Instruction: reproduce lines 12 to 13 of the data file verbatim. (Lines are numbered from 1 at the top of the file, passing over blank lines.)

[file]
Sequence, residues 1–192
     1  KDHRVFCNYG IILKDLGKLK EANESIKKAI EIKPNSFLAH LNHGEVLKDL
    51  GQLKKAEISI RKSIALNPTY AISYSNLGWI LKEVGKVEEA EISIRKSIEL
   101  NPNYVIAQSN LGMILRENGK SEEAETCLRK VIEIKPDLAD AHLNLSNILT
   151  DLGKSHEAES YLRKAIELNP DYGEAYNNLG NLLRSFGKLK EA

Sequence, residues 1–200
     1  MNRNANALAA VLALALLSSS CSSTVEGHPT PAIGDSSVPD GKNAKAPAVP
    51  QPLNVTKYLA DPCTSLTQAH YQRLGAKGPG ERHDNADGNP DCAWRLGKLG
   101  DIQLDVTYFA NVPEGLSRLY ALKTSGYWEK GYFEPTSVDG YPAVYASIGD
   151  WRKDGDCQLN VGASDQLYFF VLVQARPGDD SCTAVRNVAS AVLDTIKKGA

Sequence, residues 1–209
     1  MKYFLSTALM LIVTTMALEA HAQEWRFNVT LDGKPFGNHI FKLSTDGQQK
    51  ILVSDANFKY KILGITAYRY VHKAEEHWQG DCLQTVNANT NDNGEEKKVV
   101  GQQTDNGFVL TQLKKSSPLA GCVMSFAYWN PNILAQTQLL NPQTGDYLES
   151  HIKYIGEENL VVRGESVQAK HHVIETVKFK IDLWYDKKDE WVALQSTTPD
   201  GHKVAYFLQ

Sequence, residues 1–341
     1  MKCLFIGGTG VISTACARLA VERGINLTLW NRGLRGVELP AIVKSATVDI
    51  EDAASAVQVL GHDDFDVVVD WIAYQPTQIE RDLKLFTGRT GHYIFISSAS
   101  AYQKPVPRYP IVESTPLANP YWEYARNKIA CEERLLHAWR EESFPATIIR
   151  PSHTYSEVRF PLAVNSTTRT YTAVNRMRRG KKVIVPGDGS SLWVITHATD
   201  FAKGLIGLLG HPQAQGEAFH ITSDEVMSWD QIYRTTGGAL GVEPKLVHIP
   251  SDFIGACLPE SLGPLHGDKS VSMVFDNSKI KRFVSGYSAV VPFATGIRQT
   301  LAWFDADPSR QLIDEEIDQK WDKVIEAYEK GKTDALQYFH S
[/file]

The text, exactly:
     1  MKYFLSTALM LIVTTMALEA HAQEWRFNVT LDGKPFGNHI FKLSTDGQQK
    51  ILVSDANFKY KILGITAYRY VHKAEEHWQG DCLQTVNANT NDNGEEKKVV